This Is What Your City Would Look Like If All the World's Ice Sheets Melt
You're going to need to learn the names of some new islands.
Each map includes newly named islands and bays, like the "Chula del Mar" in San Diego. In L.A., the city of Downey has become "Drowney," and the airport is "Ex-LAX." The map also notates where landmarks like Disneyland and the Miracle Mile would end up in the newly formed bay.
The mapmaker was inspired by a similar map by a San Francisco blogger. "I'd always been fascinated by what the world would look like with a sea level rise," Linn says. "I was very impressed with his take on it. So I stole his concept."
The maps show a very long-term vision of the future but point to what's happening today. "These maps are an extreme scenario, and it would probably happen thousands of years in the future," Linn says. "I think that the real damage comes long before this extreme final point."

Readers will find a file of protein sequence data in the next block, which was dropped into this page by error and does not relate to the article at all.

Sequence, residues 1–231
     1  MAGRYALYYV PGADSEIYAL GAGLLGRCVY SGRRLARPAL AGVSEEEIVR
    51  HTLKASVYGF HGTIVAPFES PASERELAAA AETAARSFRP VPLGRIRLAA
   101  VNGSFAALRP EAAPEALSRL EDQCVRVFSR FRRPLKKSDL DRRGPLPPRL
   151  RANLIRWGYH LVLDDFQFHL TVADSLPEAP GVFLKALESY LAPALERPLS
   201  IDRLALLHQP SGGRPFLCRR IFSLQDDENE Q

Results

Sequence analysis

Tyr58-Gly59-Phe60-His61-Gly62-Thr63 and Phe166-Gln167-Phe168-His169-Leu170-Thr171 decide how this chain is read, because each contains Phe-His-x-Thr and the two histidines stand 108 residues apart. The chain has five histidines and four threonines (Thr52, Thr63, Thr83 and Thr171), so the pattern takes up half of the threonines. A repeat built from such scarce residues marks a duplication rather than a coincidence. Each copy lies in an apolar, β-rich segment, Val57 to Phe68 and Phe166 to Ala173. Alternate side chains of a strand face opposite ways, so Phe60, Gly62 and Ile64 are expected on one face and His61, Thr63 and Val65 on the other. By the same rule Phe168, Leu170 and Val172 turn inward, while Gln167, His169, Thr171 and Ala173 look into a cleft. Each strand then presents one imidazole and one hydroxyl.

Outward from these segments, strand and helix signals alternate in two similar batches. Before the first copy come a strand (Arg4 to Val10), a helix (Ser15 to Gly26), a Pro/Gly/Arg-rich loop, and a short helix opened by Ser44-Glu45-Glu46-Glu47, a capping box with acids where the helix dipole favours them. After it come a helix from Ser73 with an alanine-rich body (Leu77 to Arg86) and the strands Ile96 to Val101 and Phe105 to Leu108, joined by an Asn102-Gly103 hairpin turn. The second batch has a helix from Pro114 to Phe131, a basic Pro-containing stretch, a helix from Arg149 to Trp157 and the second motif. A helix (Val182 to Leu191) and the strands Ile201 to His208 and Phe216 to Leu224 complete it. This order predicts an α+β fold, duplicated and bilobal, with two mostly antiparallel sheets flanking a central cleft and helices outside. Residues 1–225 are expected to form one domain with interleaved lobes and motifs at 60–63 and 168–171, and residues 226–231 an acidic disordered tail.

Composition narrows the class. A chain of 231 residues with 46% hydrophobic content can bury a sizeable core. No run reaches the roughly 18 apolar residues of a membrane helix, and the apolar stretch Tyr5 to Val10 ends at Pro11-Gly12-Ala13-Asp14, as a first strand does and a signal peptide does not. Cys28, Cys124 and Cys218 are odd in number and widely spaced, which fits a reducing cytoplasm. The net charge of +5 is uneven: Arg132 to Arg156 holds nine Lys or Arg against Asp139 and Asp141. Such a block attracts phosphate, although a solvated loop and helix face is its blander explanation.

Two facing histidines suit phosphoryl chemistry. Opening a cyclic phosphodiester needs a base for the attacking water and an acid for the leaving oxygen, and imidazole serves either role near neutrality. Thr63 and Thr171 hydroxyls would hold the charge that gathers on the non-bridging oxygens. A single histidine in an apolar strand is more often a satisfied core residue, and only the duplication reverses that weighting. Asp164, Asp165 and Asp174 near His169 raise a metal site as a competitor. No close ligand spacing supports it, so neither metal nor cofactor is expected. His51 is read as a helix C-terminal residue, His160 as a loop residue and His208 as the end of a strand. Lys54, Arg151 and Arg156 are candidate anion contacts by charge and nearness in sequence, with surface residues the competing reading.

By 2100, the Intergovernmental Panel on Climate Change predicts a sea level rise between 1.7 and 3.2 feet; other climate scientists say it might be as much as 4 feet, and nearly 10 feet by 2300. And while that's not enough to drown Portland, it's sufficient to devastate coastal cities.
So far, Linn has created maps for six cities, and is interested in going farther. "I've been thinking it would be really cool to do an atlas of cities worldwide," he says.